Over the next week, I reflect on where I went wrong, and what other approaches might be more helpful. Finally, casting around for some strategy to bolster my connection to the Somali students, I write them each a short letter thanking them for their work so far and inviting them to meet with me as a group after class next week. I tell them that I have some ideas that might help us make the most of the rest of the semester.

I receive a note from one student saying that her mother does not let her stay after school. The other four tell me that they will come to the meeting. As we gather in the empty classroom, the atmosphere seems tense. I sense that they are anxious to know why I’ve asked them here. I tell the women that I’ve been reading about their country during the civil war and how many hundreds of thousands suffered. I tell them that I am very sorry for what may have happened to them and their families. “It is up to you whether you want to talk about this hard time or write about it,” I say. “But I am here to listen if you would like to meet before or after class.” I also let them know that if they choose to, they may write their research paper on the civil war in Somalia, and that I am eager to learn from them. I wait to see how they will respond. When they remain quiet, I look around and say, “Thank you so much for listening to me.”

We are approaching the largest unit in the semester: a research paper. Two of the Somali students have missed multiple classes, and I worry about their ability to catch up. And two other Somali students who have selected a topic are late in handing in their drafts and resistant to the idea of revising what they’ve written. They send notes to me saying that they are satisfied with their current drafts, and the “C” grades they have received for them.

One of the suggestions Farid and McMahan offer for working with Somali students is to link them with other students in the classroom. Hoping to facilitate this, I pair the Somali women with some of the US-born students in my classroom. A few of these pairings are quite successful. An Asian-American woman who wants to write about making her own clothes clicks with one of the Somali women. These two make a good pair, interviewing each other and taking notes for their research papers. Eventually, they become each other’s peer reviewers. In the end I am relieved to see that two other Somali students who were behind have been able to catch up and profit from revising their work, bringing their grades up a whole step.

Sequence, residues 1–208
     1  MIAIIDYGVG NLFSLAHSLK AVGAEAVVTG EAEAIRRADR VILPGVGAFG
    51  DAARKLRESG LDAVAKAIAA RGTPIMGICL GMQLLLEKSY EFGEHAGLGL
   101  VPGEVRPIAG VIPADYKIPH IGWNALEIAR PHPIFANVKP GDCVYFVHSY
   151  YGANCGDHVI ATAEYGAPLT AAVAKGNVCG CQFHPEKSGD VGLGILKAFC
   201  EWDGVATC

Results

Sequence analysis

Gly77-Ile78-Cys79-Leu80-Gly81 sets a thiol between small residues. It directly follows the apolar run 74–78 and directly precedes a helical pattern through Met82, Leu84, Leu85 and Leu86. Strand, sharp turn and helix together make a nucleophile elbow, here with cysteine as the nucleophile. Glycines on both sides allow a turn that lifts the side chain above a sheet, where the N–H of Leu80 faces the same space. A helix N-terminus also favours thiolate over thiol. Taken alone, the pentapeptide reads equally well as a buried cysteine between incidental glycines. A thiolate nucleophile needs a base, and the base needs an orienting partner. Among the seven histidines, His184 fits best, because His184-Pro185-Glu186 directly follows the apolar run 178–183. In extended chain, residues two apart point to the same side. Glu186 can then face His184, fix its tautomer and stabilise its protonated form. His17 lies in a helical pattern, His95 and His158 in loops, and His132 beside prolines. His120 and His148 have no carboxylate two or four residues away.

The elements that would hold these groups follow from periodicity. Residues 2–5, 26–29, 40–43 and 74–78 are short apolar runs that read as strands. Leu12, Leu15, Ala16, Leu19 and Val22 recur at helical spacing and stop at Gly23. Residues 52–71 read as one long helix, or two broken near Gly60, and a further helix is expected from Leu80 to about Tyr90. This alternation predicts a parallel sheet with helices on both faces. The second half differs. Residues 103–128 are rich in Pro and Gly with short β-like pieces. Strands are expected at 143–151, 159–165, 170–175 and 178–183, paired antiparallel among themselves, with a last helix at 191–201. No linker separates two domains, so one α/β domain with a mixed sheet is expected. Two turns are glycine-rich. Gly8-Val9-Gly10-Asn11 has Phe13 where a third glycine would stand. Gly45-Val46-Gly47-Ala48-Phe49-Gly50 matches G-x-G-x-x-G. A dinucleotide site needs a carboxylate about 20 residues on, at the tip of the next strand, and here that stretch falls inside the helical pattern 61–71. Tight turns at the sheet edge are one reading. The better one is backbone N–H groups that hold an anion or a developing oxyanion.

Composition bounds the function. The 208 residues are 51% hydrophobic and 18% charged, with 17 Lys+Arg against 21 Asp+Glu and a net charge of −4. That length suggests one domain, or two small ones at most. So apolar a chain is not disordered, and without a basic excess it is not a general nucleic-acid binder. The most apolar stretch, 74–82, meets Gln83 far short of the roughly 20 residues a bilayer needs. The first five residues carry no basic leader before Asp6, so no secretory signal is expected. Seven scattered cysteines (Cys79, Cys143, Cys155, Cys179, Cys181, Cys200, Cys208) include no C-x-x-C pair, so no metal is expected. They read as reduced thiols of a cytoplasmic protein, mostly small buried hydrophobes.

The slender young woman in the hijab who was waiting in the hallway months ago now shows herself to be one of the more diligent writers in class, but I still sense her discomfort with me. At one point, she stays after class and insists that I tell her what her final grade will be. She has done a lot of research about her country’s problems, and has written a well-organized first draft of her essay, with good quotations.

I try to encourage her by saying she is doing good work, but that the final draft still has to be completed. I also tell her that I don’t hand out final grades until students finish the final assignment, which is an in-class writing response to a movie we will see in class. She returns to her seat. I sense she is angry with me and am both frustrated and confused by her reaction. Later, I have a conversation with the head of the writing program who helps me to see the student’s response in another light: as stemming from fear and anxiety rather than from anger. That night I email all my students to let them know their standing in the class at that point, in the hope that this will relieve some of their anxiety and help them focus on the final project.

Farid and McMahan emphasize how the young Somalis who immigrate here were born as crisis turned their country into a horror, upending patterns of acquiring food, of worship and education, and of Muslim family life. Many entered Minnesota schools with little or no educational background, and with war and extreme dislocation rattling their ability to concentrate and adjust. A friend who is teaching Somali students in high school reminds me that in addition to these difficulties, Somali students here in Minnesota also face entrenched, systematic racism. Somali boys and other boys of color in particular “are often seen as problems,” she says, no matter what they do. It is no surprise, then, that many of these students act out their fear and terror in ways that are not always easy for teachers to grasp. In hindsight, it seems clear to me that the Somali women in my class are most likely suffering from a form of PTSD.